Medical Student Attitudes Towards People with Mental Illness in China: A Qualitative Study
Stigma towards people with mental illness is a worldwide concern. A five-nation survey of medical student attitudes towards people with mental illness recently reported far lower levels of social acceptance among Chinese medical students compared to those from the US, Brazil, Ghana, and Nigeria. This qualitative study presented recent Chinese medical school graduates with probes based on questions used in the aforementioned cross-national study to elicit their views of factors underlying the negative attitudes towards social acceptance of people with mental illness. One-hour interviews were conducted with twenty psychiatry residents in June, 2016. Of 241 coded responses concerning negative attitudes, 51.5% were coded as reflecting fear of violent behavior, 22.8% as loss of face (i.e. shame from interpersonal associations), 17.0% lowered social status, 4.98% nonconforming social behavior, and 3.73% the heritability of mental illness. Low levels of social acceptance of individuals with mental illness among medical students in China are largely related to fears of violence of and loss of face. Understanding the attitudes of medical students may inform efforts to reduce stigma through educational initiatives targeted at both medical students and the general public.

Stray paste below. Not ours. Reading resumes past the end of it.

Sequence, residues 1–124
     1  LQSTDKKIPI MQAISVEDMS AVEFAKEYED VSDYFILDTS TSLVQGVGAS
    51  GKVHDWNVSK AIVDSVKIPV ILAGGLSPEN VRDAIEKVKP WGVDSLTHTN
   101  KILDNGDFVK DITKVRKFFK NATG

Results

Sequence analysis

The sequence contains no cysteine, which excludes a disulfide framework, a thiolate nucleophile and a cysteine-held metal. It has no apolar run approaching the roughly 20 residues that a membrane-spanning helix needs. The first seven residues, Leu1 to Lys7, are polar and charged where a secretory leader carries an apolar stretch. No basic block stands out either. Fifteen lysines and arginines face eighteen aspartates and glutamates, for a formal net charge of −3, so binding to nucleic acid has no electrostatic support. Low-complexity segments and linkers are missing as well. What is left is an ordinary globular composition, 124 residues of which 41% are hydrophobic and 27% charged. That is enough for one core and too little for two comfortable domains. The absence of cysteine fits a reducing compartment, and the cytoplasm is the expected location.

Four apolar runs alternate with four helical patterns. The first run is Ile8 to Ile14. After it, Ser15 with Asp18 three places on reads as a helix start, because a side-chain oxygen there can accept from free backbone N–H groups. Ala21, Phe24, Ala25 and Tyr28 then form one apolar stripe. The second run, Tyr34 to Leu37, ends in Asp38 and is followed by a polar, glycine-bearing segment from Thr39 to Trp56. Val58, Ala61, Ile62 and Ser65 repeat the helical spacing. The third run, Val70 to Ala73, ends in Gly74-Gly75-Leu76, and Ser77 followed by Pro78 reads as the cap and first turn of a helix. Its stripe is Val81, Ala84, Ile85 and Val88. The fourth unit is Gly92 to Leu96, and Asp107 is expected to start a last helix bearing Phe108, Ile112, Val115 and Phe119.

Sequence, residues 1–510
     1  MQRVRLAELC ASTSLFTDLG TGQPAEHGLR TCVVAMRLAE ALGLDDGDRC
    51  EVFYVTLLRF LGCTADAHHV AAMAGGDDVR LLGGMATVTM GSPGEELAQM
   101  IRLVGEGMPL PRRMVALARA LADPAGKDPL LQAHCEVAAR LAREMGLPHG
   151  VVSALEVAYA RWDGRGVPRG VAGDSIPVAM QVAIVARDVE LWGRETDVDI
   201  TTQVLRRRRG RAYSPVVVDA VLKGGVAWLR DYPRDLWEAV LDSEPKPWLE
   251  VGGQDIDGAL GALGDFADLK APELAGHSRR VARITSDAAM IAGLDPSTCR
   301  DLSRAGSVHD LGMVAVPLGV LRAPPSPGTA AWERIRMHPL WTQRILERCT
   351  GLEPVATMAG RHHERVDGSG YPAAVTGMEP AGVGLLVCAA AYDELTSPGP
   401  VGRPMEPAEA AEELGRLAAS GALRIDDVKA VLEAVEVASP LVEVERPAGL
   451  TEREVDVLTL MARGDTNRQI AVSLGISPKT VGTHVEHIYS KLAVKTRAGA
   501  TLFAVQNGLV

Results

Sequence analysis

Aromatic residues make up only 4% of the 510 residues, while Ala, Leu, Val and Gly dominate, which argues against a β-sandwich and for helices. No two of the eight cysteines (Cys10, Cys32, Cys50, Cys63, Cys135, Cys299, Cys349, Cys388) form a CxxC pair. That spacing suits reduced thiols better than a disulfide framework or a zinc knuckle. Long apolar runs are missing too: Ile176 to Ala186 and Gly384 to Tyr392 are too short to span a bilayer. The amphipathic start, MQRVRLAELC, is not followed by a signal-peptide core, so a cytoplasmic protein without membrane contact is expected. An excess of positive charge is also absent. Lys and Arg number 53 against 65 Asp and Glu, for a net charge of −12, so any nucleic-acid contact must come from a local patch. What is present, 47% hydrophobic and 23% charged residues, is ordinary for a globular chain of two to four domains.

KeywordsStigma Culture Violence Mental Health in China Cultural psychiatry
Compliance with Ethical Standards
Conflict of interest
The authors have no conflicts of interest to declare.
All procedures performed in studies involving human participants were in accordance with the ethical standards of the institutional and/or national research committee and with the 1964 Helsinki declaration and its later amendments or comparable ethical standards.
Informed consent was obtained from all individual participants included in the study.
Research Involving Human Participants and/or Animals
This study was approved by the Human Investigations Committee of Yale Medical School.
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